Covestro is on board with high-tech polymer materials. The pioneering Solar Impulse plane is preparing to take-off from Hawaii for the final stages of its round-the-world flight using only solar power – with Covestro’s innovative high-tech polymer materials on board to help it on its journey to Abu Dhabi.
Si2 is scheduled to leave Hawaii soon, heading for the west coast of the USA before crossing the country to arrive at the John F. Kennedy International Airport in New York. On board will be the most advanced polyurethane and polycarbonate systems from Covestro, which significantly reduce the weight of the plane while ensuring protection for the pilot.
During the stages across the USA, Covestro will be hosting a number of events for stakeholders – including customers, the news media, students and employees – to explain the company’s involvement in the Solar Impulse project. A highlight of these presentations will be the central role of sustainability for the business and how this is reflected in the Solar Impulse project, which has been demonstrating in a dramatic way how today’s technology can contribute to what many believed impossible.
“Not only is Covestro committed to a strong sustainability agenda, it sits at the heart of our business strategy,” says Richard Northcote, the company’s chief sustainability officer. “Solar Impulse embodies everything we stand for as a company and is making a significant contribution to raising awareness of the need to reduce our dependence on fossil fuels while increasing our need to be more energy efficient.
“When we invest carbon in our products, we want to make sure that we get a good return on that investment. So, when we use oil-based derivatives to make insulation foam, we expect to see the product save as much as 70 times the carbon used to make it, during the lifetime of the product. That is a good investment of carbon,” he adds.
Si2 has been in Hawaii since July last year, when its round-the-world flight was interrupted by battery damage following the historic five days and night flight from Nagoya, Japan, to Hawaii, USA. Covestro, which has been a Solar Impulse project partner since 2010 as well as its official technical partner, recently renewed its sponsorship of the project, taking it through to the end of 2018.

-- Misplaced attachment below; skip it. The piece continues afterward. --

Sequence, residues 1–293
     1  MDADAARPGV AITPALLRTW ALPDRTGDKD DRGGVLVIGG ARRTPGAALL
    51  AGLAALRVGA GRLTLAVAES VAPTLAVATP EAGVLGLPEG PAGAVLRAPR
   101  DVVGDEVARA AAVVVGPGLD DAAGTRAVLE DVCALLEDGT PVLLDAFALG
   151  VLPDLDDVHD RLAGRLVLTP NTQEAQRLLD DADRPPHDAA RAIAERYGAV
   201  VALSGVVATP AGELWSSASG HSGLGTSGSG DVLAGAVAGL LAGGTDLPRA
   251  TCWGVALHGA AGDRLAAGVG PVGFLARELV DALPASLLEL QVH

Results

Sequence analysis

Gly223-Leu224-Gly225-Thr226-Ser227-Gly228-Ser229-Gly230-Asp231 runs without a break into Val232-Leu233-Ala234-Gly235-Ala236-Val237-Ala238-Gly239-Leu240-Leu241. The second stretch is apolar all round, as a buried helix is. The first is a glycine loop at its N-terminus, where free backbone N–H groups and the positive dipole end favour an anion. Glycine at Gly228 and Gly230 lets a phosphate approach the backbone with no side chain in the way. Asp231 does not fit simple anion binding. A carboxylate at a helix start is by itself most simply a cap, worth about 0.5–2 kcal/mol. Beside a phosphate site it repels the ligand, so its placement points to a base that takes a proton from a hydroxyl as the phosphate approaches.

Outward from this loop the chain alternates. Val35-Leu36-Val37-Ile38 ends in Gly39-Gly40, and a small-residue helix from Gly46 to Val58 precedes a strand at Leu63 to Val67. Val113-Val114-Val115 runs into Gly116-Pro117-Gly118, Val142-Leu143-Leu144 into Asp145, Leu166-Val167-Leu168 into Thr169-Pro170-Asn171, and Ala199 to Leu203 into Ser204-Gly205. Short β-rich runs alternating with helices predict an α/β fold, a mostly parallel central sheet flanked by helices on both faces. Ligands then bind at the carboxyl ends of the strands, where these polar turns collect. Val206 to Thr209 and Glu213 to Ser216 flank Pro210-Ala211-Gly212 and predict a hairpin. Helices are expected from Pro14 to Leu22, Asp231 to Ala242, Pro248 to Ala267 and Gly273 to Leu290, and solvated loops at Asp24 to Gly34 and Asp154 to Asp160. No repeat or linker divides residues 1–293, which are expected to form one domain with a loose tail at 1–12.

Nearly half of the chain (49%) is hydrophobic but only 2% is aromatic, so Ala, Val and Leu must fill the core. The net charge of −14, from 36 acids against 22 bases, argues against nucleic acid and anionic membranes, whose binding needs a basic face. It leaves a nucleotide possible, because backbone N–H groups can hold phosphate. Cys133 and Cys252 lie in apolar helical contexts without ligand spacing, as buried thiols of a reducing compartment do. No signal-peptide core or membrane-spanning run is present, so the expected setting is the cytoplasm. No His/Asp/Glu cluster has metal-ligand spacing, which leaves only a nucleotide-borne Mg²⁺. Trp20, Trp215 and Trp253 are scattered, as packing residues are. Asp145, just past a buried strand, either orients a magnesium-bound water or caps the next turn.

Following its route across the USA, Solar Impulse will attempt the Atlantic crossing into Europe and then start its final trip back to Abu Dhabi, where it started its epic journey in March, 2015.
With 2015 sales of EUR 12.1 billion, Covestro is among the world’s largest polymer companies. Business activities are focused on the manufacture of high-tech polymer materials and the development of innovative solutions for products used in many areas of daily life. The main segments served are the automotive, electrical and electronics, construction and the sports and leisure industries. Covestro, formerly Bayer MaterialScience, has 30 production sites around the globe and as of the end of 2015 employed approximately 15,800 people (full-time equivalents).
About Solar Impulse
Swiss pioneers Bertrand Piccard – Initiator and Chairman – and André Borschberg – CEO and Co-Founder – are the pilots and driving force behind Solar Impulse, the first airplane able to fly day and night without a drop of fuel – propelled solely by the sun’s energy. Supported by Main Partners Solvay, Omega, Schindler, ABB, and Official Partners Google, Altran, Covestro, Swiss Re Corporate Solutions, Swisscom and Moët Hennessy, they are attempting the first Round-The-World Solar Flight with Solar Impulse 2 (Si2) – demonstrating that clean technologies can achieve the impossible.
Si2 is a concentration of clean technologies – a genuine flying laboratory. It is a single-seater aircraft made of carbon fiber that has a 72m / 236ft wingspan (larger than a Boeing 747) for a weight of 2300kg / 5100lb (the equivalent of an empty family car). The 17,248 solar cells built into the wing power the four batteries (38.5kWh per battery) that in turn power the four electric engines (13.5kW / 17.5hp each) and the propellers with renewable energy. The plane is therefore capable of saving a maximum amount of energy during the day and flying throughout the night on batteries. Si2 requires zero fuel and has virtually unlimited autonomy: theoretically, Si2 could fly forever and is only limited by the pilot’s sustainability.